A regional consultation for Africa was held on 23 January 2015 in Addis Ababa, Ethiopia, and was built into the four-day African Union Stakeholders’ Consultation on the 2015 AU Theme: “Year of Women’s Empowerment and Development Towards Africa’s Agenda 2053”. The gender ministers of more than 20 member states and regional and international organizations participated in the consultation.

The half-day women, peace and security consultation was chaired by H.E. Ms. Nakadama Rukia Sanga, Uganda’s Minister of Gender. Opening remarks were delivered by Ms. Bineta Diop, AU Special Envoy for Women, Peace and Security, Mr. Smail Chergui, AU Commissioner for Peace and Security, and Ms. Letty Chiwara, UN Women Representative to Ethiopia, Africa Union and Economic Commission for Africa. Ms. Radhika Coomaraswamy, lead author of the Global Study, presented the study outline.

The consultation provided an opportunity for government officials to share their views on the progress, challenges and key recommendations for moving the women, peace and security agenda forward. Countries represented at the consultation included: Algeria, Burundi, Djibouti, Egypt, Gambia, Kenya, Libya, Malawi, Mali, Namibia, Nigeria, Rwanda, Sahrawi Arab Democratic Republic, Senegal, South Africa, South Sudan, Sudan, Tanzania, Togo, and Uganda. In addition, civil society representatives from Burundi, Cote d’Ivoire, the Democratic Republic of Congo, Nigeria, Senegal, Sierra Leone, South Africa, South Sudan and Uganda contributed to the consultation. Regional and international organizations including the African Development Bank, ECOWAS, FAO, ICGLR, UN AIDS, UNECA and UN Women also contributed to the meeting.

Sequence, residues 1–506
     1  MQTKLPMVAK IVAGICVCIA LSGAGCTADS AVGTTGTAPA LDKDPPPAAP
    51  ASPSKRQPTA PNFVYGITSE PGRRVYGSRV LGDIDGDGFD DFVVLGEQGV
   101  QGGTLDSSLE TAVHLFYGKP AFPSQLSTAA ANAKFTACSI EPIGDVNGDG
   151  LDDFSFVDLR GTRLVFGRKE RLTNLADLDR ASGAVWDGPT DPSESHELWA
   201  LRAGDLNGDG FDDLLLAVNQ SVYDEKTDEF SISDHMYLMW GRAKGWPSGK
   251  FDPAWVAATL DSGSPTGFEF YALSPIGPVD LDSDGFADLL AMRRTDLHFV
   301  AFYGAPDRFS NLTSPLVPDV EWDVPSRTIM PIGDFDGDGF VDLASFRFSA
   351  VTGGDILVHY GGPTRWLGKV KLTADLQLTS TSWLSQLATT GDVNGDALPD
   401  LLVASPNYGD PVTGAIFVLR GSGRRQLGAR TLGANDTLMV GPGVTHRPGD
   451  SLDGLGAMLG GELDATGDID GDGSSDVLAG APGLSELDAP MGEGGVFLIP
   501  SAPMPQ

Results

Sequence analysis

Key recommendations of the regional consultation include:

  • The importance of acknowledging the critical role played by women in conflict prevention, management and resolution initiatives.
  • The need to include women in preventive diplomacy efforts, by strengthening their capacity and by establishing networks of women mediators.
  • The need for bolder and more innovative approaches to reexamine current economic models and to ensure women’s economic empowerment and recovery.
  • The implementation of national and regional action plans and the need to overcome challenges related to commitment and political will, funding, monitoring and evaluation systems to track progress, coordination and sharing of good practices, and effective inclusivity and acknowledging the role played by civil society.
  • The need to strengthen the connection between local level implementation of the women, peace and security agenda, and the higher/political level; and the importance of an implementation mechanism.
  • The need for training and a change of mindset to increase women’s participation in peacekeeping, and the importance of gender mainstreaming in the security sector institutions.
  • The importance of mapping the extent of gender-based violence and the need to include psychosocial recovery as part of post-conflict reconstruction and development efforts.